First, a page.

Colorado Rocky Mountain National Park map and highlights

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Colorado Rocky Mountain National Park map and highlights

Map of National Park Rocky Mountain in Colorado
Rocky Mountain, Colorado on the map. National Park Rocky Mountain (Colorado state) on the map of US      
Above right, top: Long's Peak, the park's highest peak. Major  John Wesley Powell and his party made the first successful ascent of the  summit in 1868, generating an unbounded enthusiasm for mountain  climbing in the area.  
Above right, center: Wildflowers bloom in the harsh but fragile world of the alpine tundra.      
Right: Bear Lake, nestled amid the stunning scenery of the Rockies. Park visitors can enjoy an easy hike around the lake.      
Facing page: Dream Lake, with Hallett Peak rising in the background.      
Rocky Mountain, Colorado      
Established: 1915   Acreage: 266,944      
The snow-mantled peaks of Rocky Mountain National Park rise  above green alpine valleys and glistening lakes. One third of the park  is above the treeline, and here tundra predominates—a major reason why  these peaks and valleys have been designated as a national park. As the  elevation changes so does the landscape. At the lower levels, the slopes  are graced with ponderosa pine, juniper, Douglas fir, blue spruce,  lodgepole pine and groves of aspen. At 9000 feet (2700 meters) Englemann  spruce and subalpine fir takeover. The forest glades are filled with  wildflower gardens of rare beauty and luxuriance, where the blue  Colorado columbine reigns. As the trees disappear, the alpine tundra—a  harsh, fragile world—begins. Many of the plants here can also be found  in the Arctic. Wildlife, both large and small, can be spotted in the  park—beaver, marmots, wapiti (elk), deer, coyotes and bighorn sheep.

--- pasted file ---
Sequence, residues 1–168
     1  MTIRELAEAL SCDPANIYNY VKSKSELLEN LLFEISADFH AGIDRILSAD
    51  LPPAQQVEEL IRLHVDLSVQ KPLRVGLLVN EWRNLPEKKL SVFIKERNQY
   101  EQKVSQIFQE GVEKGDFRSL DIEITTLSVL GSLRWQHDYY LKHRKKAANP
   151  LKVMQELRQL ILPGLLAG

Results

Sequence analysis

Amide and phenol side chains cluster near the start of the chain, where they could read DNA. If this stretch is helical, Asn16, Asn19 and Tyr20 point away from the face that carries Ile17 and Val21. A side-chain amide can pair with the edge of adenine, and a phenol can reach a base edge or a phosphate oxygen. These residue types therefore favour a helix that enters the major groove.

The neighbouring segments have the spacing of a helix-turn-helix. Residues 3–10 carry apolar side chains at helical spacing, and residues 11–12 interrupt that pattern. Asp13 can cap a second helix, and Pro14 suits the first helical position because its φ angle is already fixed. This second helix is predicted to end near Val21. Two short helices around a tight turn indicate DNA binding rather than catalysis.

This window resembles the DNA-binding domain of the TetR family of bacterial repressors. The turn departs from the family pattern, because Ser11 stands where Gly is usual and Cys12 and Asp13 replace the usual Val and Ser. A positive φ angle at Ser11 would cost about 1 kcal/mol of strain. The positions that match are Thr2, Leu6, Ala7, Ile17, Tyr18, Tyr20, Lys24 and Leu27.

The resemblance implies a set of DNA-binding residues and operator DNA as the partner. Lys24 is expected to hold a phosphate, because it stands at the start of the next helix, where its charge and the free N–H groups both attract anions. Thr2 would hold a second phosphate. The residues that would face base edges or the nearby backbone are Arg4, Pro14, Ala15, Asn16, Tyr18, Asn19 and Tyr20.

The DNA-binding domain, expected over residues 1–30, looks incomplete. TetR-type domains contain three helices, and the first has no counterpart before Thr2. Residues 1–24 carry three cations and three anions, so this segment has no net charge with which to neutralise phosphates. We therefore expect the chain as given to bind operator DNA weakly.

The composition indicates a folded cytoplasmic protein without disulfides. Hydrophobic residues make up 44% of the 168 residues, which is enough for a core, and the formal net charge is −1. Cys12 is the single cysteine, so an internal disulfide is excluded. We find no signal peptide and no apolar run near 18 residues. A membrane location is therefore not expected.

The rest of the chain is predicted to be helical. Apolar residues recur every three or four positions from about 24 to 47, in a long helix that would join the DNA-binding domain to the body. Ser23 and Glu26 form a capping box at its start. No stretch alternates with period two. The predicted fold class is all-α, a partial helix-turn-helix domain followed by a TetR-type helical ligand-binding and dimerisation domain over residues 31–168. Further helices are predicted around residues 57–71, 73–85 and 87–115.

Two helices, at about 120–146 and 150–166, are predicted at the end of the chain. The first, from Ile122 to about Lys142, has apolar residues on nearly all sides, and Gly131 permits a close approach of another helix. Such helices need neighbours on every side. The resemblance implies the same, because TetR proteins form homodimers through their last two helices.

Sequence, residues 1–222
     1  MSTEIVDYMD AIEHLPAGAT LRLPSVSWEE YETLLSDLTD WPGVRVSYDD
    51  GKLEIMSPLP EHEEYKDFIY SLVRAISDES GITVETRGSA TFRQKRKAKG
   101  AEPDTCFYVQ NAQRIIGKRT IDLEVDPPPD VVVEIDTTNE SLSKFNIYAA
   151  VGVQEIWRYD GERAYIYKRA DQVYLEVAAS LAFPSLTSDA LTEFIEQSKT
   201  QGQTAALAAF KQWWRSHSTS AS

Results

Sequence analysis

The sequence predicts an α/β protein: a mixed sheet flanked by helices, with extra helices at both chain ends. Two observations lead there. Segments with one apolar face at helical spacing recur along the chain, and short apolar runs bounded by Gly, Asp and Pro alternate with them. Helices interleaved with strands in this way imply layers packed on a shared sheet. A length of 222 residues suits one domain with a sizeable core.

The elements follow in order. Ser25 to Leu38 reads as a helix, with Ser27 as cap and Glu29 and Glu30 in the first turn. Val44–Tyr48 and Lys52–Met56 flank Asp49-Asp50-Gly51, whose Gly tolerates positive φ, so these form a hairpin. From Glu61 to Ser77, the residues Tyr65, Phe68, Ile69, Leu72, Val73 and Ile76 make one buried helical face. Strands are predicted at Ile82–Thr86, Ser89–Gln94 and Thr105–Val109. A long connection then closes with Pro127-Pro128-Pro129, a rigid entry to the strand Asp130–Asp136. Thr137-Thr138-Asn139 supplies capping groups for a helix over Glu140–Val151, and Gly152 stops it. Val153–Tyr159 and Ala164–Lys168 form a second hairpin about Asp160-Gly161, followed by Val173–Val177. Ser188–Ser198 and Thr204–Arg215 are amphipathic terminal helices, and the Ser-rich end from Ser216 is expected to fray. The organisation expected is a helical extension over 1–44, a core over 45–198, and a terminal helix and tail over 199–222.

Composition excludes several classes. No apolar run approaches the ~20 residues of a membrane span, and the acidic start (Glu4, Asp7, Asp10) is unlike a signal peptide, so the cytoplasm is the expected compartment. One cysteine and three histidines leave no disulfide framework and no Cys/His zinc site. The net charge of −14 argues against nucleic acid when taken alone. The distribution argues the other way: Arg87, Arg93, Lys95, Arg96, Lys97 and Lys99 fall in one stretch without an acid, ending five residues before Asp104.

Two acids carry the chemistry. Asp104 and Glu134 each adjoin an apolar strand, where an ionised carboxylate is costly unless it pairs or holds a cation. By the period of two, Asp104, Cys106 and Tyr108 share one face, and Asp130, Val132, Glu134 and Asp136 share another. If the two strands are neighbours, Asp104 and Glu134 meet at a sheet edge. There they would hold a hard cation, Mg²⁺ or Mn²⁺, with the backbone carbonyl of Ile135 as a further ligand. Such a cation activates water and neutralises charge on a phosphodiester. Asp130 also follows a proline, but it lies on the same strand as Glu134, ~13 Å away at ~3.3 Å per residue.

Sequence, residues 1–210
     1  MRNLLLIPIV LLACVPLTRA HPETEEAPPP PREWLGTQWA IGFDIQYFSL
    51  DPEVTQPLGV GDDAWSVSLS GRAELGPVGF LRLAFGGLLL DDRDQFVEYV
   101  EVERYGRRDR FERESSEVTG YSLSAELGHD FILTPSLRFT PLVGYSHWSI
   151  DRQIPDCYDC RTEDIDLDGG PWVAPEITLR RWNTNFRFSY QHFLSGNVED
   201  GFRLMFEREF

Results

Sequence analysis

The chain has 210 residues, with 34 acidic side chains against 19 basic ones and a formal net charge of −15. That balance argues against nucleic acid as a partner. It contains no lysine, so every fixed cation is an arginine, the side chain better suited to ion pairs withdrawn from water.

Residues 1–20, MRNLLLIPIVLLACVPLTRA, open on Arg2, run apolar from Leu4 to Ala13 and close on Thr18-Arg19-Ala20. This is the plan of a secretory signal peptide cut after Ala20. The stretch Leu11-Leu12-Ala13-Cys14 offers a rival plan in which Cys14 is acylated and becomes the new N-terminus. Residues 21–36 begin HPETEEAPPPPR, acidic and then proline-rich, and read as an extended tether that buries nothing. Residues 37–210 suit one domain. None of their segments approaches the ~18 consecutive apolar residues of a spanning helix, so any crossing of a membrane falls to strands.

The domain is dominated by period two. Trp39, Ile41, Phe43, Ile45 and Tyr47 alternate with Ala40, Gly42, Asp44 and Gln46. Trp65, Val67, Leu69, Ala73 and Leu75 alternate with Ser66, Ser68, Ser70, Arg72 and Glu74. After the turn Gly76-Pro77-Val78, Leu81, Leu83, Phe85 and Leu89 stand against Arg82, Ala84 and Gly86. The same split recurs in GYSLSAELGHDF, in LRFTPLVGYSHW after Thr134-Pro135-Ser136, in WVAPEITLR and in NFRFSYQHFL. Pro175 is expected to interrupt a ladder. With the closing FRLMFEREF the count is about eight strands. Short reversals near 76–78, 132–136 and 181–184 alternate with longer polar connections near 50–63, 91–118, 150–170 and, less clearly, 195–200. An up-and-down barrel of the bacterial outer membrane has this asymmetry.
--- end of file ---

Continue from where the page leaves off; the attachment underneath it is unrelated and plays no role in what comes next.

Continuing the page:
After the United States acquired the region through the  Louisiana Purchase in 1803, explorers, trappers and adventurers passed  near the park area. In 1859, Joel Estes and his son, Milton, topped Park  Hill and became the first known white men to see the 'park,' an open,  forest-rimmed valley, which now bears the Estes name.      
During the 1880s, a mining boom struck in what is now the west  side of the park, leading to the creation of Lulu City, Dutchtown and  Teller. Only low-grade ore was found, however, and the mines were  abandoned. When the automobile finally turned out to be a practical mode  of transportation, more and more people visited the area and a movement  began to set aside the region as a national park. The efforts of one  man—Enos Miller, a naturalist and writer—laid the groundwork for the  establishment of this breathtaking park.      
Rocky Mountain is a park for hikers—more than 355 miles of  trails provide access to the remote sections of the park. For those who  prefer to remain in their cars, there is Trail Ridge Road, one of the  great alpine highways in the United States. Bear Lake Road is one of the  few paved roads in the Rockies leading to a high mountain basin. Old  Fall River Road, the original road crossing the mountain, gives an idea  of what it was like to cross the mountains in the early days of the  automobile. Fishing, camping, horseback riding and skiing are other  popular activities in the park.
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